Commands are terminated by a semicolon, not a newline! They are not case-sensitive.

RESOLVE command

The RESOLVE command makes the tree binary.

SAMPLE command (and WEIGHT command)

When using SAMPLE, the leaves are chosen in proportion to their leaf weights. This allows you to specify a set of leaves that will be preferentially sampled to mimic sampling biases (e.g. frequent occurrence of model organisms in phylogenetic studies, for example). By default all weights are 1.0, but with the WEIGHT command you can supply a weight and a filename all leaves with labels found in the file will be assigned the specified weight. Note that using weight differences so large that the result in rounding error when added can result in the SAMPLE command failing!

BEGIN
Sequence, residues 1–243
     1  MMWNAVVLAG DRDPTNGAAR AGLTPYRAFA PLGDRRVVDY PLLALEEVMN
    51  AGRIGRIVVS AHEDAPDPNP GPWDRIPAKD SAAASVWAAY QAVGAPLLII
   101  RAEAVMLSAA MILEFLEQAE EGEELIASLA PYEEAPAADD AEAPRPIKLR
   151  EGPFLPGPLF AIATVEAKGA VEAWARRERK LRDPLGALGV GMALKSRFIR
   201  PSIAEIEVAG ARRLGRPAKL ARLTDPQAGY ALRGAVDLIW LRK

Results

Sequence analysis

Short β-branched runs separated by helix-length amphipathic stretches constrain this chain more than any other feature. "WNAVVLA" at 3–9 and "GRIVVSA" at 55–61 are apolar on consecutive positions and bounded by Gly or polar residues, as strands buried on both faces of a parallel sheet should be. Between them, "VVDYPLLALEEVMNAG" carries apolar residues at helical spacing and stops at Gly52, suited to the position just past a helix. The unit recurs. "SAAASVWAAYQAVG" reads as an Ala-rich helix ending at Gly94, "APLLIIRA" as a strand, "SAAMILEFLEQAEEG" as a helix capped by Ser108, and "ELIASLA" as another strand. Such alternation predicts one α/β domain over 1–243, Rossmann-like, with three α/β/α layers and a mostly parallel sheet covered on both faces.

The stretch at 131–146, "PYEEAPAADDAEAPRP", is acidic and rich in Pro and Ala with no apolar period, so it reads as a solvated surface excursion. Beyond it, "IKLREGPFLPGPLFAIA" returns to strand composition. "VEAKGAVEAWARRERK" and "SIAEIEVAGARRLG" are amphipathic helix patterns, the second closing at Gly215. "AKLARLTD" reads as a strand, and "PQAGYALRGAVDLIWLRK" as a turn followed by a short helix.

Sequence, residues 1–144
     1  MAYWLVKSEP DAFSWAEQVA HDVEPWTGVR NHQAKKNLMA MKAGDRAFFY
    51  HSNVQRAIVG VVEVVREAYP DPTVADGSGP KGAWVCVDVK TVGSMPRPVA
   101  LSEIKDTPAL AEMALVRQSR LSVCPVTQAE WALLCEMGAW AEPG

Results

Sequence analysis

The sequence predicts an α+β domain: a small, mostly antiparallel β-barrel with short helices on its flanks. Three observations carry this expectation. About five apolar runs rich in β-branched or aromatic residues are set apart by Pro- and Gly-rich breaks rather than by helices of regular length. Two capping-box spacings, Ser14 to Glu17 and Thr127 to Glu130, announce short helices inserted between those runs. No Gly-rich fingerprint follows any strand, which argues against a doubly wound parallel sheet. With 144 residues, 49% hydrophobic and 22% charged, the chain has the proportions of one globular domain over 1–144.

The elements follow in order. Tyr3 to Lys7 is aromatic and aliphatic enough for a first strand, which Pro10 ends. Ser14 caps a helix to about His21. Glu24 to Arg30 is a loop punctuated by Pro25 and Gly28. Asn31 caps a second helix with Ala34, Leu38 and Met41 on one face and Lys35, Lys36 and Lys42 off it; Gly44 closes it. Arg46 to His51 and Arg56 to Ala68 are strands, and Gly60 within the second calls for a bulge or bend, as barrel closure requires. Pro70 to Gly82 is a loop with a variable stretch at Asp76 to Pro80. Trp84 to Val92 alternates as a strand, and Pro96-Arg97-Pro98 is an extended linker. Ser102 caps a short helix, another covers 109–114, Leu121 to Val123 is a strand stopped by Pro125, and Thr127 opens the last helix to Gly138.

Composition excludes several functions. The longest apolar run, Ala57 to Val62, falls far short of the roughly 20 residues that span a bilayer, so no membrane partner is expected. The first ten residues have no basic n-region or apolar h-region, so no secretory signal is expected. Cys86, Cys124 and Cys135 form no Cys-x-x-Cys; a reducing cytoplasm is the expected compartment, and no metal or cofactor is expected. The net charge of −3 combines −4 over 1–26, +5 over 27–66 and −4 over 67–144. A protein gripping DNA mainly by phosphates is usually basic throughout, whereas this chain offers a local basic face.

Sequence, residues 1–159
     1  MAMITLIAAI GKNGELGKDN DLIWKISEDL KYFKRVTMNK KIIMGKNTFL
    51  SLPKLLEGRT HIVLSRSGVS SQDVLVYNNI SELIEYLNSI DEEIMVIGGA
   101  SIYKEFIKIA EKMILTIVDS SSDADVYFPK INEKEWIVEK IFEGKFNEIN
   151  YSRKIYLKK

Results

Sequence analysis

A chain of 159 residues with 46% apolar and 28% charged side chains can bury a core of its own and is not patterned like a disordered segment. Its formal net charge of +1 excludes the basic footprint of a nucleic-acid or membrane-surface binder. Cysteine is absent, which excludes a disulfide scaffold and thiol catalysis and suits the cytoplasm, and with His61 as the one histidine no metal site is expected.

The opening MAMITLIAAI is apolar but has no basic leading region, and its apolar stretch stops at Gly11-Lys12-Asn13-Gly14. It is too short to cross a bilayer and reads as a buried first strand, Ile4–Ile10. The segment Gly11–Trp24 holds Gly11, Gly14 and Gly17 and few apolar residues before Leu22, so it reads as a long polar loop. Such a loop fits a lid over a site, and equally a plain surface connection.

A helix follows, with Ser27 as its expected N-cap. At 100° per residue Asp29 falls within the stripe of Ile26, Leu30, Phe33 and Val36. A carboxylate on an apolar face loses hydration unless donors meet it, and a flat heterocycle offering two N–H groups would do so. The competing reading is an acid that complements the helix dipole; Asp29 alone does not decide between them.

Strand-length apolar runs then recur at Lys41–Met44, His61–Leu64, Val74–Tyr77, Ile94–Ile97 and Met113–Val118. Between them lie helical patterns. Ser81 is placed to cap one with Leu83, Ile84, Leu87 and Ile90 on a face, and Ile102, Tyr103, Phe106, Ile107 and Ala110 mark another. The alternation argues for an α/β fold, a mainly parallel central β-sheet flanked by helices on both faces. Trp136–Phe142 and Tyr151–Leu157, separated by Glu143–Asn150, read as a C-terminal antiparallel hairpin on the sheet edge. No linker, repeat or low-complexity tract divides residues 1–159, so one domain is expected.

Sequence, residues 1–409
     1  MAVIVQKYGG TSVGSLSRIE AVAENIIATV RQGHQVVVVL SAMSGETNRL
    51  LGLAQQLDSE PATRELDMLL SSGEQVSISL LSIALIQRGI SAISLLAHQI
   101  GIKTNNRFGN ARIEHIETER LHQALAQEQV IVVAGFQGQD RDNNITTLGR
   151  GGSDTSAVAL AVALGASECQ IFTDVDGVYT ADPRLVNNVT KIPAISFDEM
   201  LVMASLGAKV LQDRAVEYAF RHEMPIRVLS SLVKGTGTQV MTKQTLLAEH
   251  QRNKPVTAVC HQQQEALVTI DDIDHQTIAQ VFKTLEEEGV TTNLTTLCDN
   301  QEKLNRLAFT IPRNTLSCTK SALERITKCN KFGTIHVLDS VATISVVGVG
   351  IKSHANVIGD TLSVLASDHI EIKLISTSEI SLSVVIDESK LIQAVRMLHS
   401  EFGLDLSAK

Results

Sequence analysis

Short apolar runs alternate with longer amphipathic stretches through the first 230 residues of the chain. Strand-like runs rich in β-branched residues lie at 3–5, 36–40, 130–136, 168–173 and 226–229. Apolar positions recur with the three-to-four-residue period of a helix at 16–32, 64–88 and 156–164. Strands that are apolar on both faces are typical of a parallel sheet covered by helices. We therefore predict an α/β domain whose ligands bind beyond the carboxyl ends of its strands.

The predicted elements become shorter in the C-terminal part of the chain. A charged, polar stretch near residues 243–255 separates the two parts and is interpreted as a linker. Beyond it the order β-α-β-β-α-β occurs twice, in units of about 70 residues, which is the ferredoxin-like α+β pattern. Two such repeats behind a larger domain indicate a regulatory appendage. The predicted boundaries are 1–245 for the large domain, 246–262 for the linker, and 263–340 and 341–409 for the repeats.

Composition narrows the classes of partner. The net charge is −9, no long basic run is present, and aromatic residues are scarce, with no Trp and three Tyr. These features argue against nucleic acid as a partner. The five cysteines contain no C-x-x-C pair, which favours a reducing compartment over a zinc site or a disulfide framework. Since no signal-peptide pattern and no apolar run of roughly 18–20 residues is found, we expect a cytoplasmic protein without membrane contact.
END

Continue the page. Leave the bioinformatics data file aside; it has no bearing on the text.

Note that the leaf weights apply to every part of the SAMPLE procedure, but not other commands (e.g. highly weighted leaves are not more likely to be selected in the SPR command).

With the SAMPLE command, you can specify a root depth, ingroup and ougroup size. The outgroup is always a set of leaves selected from the sister of your ingroup. The basic sample procedure is to repeat the following until a tree satisfies the constraint:

  1. randomly choose a leaf (according to weights) from the full tree,
  2. randomly choose an ingroup root depth within the constraints,
  3. See if the ingroup and outgroup sizes can be met by the chosen root, if "yes" go to step 4. If "no" go to step 2 (or back to step 1 if there are no other rooting points to try for this leaf choice).
  4. Randomly choose an ingroup size according within the constraints.
  5. Randomly select other ingroup leaves (the leaf chosen in step 1 is one member of the ingroup) or go back to 4 if there are not enough leaves in the clade.
  6. Repeat steps 4 and 5 for the outgroup.
  7. Make a copy of the tree induced by the select leaves and store it as the focal tree.

SPR command